[box border=”full”]The Federal Court has ordered Hewlett-Packard Australia (HP) to pay a $3 million civil pecuniary penalty for making false or misleading representations to customers and retailers regarding consumer guarantee rights.[/box]
The Australian Competition and Consumer Commission instituted proceedings against HP on 16 October 2012. Subsequently, the ACCC and HP came to an agreed settlement on the matter.
The Court found, based on the parties’ agreed facts, that HP made a number of false or misleading representations to consumers about their consumer guarantee rights, including that:
- the remedies available to consumers were limited to the remedies available at HP’s discretion;
- consumers were required to have their product repaired multiple times before they were entitled to a replacement;
- the warranty period for HP products was limited to a specified express warranty period;
- consumers were required to pay for remedies outside the express warranty period; and
- products purchased online could only be returned to HP at HP’s sole discretion.
In addition, the Court found that HP represented to retailers that it was not liable to indemnify the retailer if the retailer failed to obtain authorisation from HP before giving a consumer a refund or replacement.
The above representations were made by HP staff working at call centres located around the world, as set out in HP’s internal guidelines and scripts.
In his judgment, Justice Buchannan stated that the penalty was appropriate and “reflects an acknowledgment of the seriousness of the respondent’s conduct”.
Justice Buchannan noted the Court’s disapproval of HP’s conduct and the need for general and specific deterrence for such behaviour.
“This was an important case to the ACCC. The misconduct was widespread and systemic from a very large multi-national firm,” ACCC Chairman Rod Sims said.
“The ACCC believes that this penalty sends a strong message to all companies, particularly large multi-national companies, that the Australian Consumer Law is not negotiable. This result also shows that the Court is not afraid to impose significant penalties for serious contraventions of the ACL.”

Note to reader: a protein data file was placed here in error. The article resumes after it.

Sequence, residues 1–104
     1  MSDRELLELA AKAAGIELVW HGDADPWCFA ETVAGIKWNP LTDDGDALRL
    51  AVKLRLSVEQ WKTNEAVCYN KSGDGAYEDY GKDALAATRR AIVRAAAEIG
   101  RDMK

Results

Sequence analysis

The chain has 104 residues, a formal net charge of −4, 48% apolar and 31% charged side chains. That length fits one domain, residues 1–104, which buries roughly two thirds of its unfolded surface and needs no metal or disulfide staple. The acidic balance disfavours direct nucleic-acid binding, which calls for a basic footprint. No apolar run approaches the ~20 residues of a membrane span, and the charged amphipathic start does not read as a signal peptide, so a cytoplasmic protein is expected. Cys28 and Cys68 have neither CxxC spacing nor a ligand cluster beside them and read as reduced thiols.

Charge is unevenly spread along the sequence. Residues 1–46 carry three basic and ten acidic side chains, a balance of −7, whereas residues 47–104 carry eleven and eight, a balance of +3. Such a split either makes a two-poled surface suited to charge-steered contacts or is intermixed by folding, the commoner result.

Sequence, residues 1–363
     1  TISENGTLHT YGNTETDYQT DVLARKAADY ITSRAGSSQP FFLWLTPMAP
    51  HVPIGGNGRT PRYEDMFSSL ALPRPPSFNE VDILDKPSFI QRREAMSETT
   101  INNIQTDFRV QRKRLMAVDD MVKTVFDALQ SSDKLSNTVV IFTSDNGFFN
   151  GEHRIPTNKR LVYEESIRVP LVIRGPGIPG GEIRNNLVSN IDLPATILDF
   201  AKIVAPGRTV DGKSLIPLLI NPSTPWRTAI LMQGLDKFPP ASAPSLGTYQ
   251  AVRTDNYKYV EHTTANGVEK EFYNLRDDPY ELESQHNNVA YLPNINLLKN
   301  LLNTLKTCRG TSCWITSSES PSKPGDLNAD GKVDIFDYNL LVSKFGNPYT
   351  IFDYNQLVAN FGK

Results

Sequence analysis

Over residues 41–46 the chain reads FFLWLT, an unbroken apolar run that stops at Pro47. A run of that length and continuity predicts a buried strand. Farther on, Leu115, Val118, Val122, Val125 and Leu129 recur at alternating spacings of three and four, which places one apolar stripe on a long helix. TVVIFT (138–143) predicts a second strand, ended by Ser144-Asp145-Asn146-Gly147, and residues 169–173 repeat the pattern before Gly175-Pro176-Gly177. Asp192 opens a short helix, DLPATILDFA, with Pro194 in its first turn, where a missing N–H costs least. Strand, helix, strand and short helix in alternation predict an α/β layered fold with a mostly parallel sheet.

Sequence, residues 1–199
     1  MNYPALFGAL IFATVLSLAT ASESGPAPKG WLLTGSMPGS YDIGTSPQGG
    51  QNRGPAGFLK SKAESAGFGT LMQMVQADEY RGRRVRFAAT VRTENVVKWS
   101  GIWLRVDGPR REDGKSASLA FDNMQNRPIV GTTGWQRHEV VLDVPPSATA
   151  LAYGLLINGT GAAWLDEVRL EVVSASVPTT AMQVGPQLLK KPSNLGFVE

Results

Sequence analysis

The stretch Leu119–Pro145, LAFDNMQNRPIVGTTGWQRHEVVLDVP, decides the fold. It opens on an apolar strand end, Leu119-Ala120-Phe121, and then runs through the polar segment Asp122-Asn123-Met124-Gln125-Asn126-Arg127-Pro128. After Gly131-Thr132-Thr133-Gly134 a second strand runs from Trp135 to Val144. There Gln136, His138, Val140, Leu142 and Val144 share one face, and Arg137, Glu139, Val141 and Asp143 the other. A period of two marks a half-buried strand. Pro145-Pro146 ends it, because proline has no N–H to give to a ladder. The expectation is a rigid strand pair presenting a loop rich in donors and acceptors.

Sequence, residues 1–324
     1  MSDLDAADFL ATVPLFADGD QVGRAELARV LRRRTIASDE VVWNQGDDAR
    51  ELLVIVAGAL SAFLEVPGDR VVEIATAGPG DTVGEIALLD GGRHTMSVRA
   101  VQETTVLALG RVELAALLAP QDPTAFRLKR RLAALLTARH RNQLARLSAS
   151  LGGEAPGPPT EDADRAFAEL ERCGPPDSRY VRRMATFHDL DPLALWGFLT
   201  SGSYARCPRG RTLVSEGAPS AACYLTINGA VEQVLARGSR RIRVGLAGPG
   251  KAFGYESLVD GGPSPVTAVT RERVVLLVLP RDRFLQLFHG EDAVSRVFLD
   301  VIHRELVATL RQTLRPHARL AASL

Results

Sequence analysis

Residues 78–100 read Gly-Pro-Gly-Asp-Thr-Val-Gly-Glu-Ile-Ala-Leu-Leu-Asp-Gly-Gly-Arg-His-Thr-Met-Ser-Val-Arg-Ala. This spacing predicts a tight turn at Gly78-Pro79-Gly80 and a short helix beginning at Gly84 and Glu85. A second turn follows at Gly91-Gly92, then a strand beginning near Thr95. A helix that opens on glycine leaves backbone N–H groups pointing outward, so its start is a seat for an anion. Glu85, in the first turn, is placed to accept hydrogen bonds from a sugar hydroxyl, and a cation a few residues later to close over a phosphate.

“All businesses operating in Australia require robust mechanisms to comply with the consumer guarantees provisions under the Australian Consumer Law,” Mr Sims said.
In addition to the $3 million penalty, the Court also made orders including:
- a contribution towards the ACCC’s costs of $200,000;
- consumer redress orders;
- public disclosure orders;
- corrective advertising orders; and
- orders to implement a compliance program.
The Court’s orders include a requirement that HP set up a consumer redress process for affected consumers. If you feel that you have been misled about your consumer rights, you should contact HP.
The Australian Consumer Law gives consumers a set of rights called consumer guarantees for all goods purchased after 1 January 2011. These guarantees include a guarantee that:
- goods will be of acceptable quality;
- goods will be fit for any disclosed purpose;
- goods will match any description under which it is sold;
- goods will have spare parts available for a reasonable time; and
- all express warranties offered will be honoured.
For goods purchased on or after 1 January 2011, where a good develops a major fault, consumers have a right to a replacement or refund from the supplier of the good. For goods that develop a minor fault, a consumer has a right to have the good remedied (at the suppliers discretion) within a reasonable time. If the supplier doesn’t do so, the consumer can either reject the goods and get a refund or have the problem fixed and recover reasonable costs of doing so from the supplier.
For further information about consumer rights, visit http://www.accc.gov.au/consumerrights